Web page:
"Why Glasgow?" asks my London doctor when I tell her I'm moving. "It always rains. And do you know what it'll do to your life expectancy?"
I suspect the salubrious air of the West End bubble may actually improve my longevity, but as I don't have the results of a randomised study to prove it, I simply say my decreased life expectancy will allow me to negotiate a better pension annuity. Given my pension pot contains all of £36.50, this isn't exactly an incentive for moving, but I have another motive anyway - a very simple motive.
Loading article content
"I like it," I tell my doctor. "It's a wonderful city."
Yes, liking Glasgow is the main reason for my move. I haven't followed a partner or a job here. I'm single and work for myself, so I can stay wherever I choose. And I certainly wasn't desperate to leave London. It's been my home for most of my adult life, and I love it. Although I was born in Dorset and spent my teen years in north Wales, I think of myself as a Londoner. But you only live once, and I wasn't sure I wanted to spend the rest of my life in the same city.
A significant secondary benefit of the move is that property prices are more sensible here. I've swapped a small studio flat - admittedly on a fashionable street in a central location - for a huge tenement flat on a popular North Kelvinside street. The close - not wally, but it has panelled walls and beautiful stained glass windows - looks (and smells) romantically continental. My London removers thought so too: "It's like that place in Paris."
Inside the storm doors, my new home is six times larger than my old one. In terms of volume, it's probably 10 times bigger. I sometimes find it hard to believe I am the proprietor of this palace - especially as I bought it without signing a single piece of paper. Discovering the differences between the Scottish and English legal systems really brought it home to me that I was moving to another country.
"When do you exchange contracts?" my London friends would ask when I told them I'd found a flat.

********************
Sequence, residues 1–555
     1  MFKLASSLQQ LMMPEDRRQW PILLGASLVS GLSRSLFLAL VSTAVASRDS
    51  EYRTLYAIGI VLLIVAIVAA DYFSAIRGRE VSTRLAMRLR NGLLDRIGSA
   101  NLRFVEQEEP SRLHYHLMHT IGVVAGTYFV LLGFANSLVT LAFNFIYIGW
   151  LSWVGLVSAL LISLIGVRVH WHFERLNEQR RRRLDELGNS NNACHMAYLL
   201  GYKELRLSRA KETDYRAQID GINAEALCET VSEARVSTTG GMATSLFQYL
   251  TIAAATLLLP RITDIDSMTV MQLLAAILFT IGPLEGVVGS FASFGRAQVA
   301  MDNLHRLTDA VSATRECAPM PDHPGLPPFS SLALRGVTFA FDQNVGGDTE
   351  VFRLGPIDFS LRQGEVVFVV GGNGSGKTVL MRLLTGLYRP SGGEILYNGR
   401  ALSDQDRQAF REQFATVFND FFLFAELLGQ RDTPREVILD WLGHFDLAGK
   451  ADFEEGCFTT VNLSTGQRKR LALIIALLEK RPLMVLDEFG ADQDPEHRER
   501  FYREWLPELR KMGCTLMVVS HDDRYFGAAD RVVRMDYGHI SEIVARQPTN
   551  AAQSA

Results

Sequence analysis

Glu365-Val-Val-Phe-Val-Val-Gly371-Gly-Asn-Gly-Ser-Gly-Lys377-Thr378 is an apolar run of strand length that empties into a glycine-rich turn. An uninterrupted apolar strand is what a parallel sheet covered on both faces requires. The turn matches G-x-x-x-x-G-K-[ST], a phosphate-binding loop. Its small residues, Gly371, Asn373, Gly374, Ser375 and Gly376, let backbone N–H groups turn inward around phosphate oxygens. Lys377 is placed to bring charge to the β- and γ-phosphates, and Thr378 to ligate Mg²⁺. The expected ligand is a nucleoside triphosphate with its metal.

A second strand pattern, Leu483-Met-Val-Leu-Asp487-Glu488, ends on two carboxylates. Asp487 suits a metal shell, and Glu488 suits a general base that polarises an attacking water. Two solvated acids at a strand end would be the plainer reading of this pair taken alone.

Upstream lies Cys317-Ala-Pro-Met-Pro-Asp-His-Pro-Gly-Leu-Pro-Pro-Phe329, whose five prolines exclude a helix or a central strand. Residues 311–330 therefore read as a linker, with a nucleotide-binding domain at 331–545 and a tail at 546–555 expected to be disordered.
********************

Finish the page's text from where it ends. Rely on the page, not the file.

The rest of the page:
"Oh, we concluded the missives last week," I'd reply airily, thinking I'd got the system sussed. But when my solicitor told me there was no final contract to sign, I felt unnerved. Could the flat really be mine if I didn't sign anything? But it is, and here I am in a different country - one that could soon be an independent nation. As a political geek, I couldn't have moved at a better time. I'm undecided on the question of independence and looking forward to the debate leading up to the referendum.
For the time being, though, I'm focussed on settling in my new city. Already I've been subject to the usual Glaswegian irritations, and I don't just mean the midgies. It doesn't take long for the deep fried Mars Bar jokes to pall.
After 25 years in Islington, one of London's most misunderstood boroughs, I'm used to people making assumptions about my manor. It's all the fault of former resident Tony Blair and his now legendary dinner with Gordon Brown at a restaurant called Granita. There the two (then) youngish guns reputedly decided who should lead the Labour Party.
As a result, everyone assumes Islington is packed with power-hungry barristers fuelled by lobster linguine. But although Islington has more than its fair share of wealthy lawyers and financiers, almost half its residents live in social housing. And according to the 2010 English Indices of Multiple Deprivation, it's the 14th most deprived local authority area in the country.
It was the same when I stayed in Kolkata for six months in 2001. People in the UK assumed I was going to volunteer with Mother Teresa's Missionaries of Charity. They wondered how I was going to cope with the living conditions. They thought I was brave.
The reality was that I went to have a six-month writing sabbatical, and I have never lived more comfortably. Because while there is terrible poverty in Kolkata there is also a thriving middle class, and all the attendant social and cultural infrastructure: clubs, smart hotels and restaurants and vibrant arts venues.
I wonder if these crude urban stereotypes stem from a reluctance to acknowledge the reality that deprivation and affluence often go hand-in-hand: a reality many of us don't like but lack the will to change.
Back to Glasgow. Yes, life expectancy in some parts of the city is shockingly low, but moving here probably won't knock 15 years off my middle-class lifespan. Yes, it rains, but not all the time. As for the deep fried Mars Bar, that was added to the menu of fashionable London restaurant Mash in the 1990s by my Kolkata friend, chef Shaun Kenworthy. So it's a London delicacy after all.
Macaroni pies, however, you can't find in London for love or money. And I do love a macaroni pie.
We moderate all comments on HeraldScotland on either a pre-moderated or post-moderated basis. If you're a relatively new user then your comments will be reviewed before publication and if we know you well and trust you then your comments will be subject to moderation only if other users or the moderators believe you've broken the rules, which are available here.
Moderation is undertaken full-time 9am-6pm on weekdays, and on a part-time basis outwith those hours. Please be patient if your posts are not approved instantly.